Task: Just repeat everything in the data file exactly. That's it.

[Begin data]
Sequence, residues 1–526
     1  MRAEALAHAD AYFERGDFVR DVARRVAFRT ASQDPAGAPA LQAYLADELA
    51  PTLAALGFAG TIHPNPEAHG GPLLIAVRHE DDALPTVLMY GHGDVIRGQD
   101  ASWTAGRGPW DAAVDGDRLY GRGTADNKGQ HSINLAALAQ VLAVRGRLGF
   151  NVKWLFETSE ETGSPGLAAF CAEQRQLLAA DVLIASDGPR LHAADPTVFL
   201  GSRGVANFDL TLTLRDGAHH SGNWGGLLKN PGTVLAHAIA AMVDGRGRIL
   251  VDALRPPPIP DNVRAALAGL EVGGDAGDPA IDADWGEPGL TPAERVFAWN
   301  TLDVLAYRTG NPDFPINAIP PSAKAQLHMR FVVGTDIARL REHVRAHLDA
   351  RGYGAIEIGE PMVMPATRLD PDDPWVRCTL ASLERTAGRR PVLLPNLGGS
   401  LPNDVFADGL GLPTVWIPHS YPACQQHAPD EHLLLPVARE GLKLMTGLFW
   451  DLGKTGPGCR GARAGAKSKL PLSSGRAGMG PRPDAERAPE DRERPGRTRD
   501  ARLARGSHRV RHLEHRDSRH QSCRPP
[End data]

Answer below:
Sequence, residues 1–526
     1  MRAEALAHAD AYFERGDFVR DVARRVAFRT ASQDPAGAPA LQAYLADELA
    51  PTLAALGFAG TIHPNPEAHG GPLLIAVRHE DDALPTVLMY GHGDVIRGQD
   101  ASWTAGRGPW DAAVDGDRLY GRGTADNKGQ HSINLAALAQ VLAVRGRLGF
   151  NVKWLFETSE ETGSPGLAAF CAEQRQLLAA DVLIASDGPR LHAADPTVFL
   201  GSRGVANFDL TLTLRDGAHH SGNWGGLLKN PGTVLAHAIA AMVDGRGRIL
   251  VDALRPPPIP DNVRAALAGL EVGGDAGDPA IDADWGEPGL TPAERVFAWN
   301  TLDVLAYRTG NPDFPINAIP PSAKAQLHMR FVVGTDIARL REHVRAHLDA
   351  RGYGAIEIGE PMVMPATRLD PDDPWVRCTL ASLERTAGRR PVLLPNLGGS
   401  LPNDVFADGL GLPTVWIPHS YPACQQHAPD EHLLLPVARE GLKLMTGLFW
   451  DLGKTGPGCR GARAGAKSKL PLSSGRAGMG PRPDAERAPE DRERPGRTRD
   501  ARLARGSHRV RHLEHRDSRH QSCRPP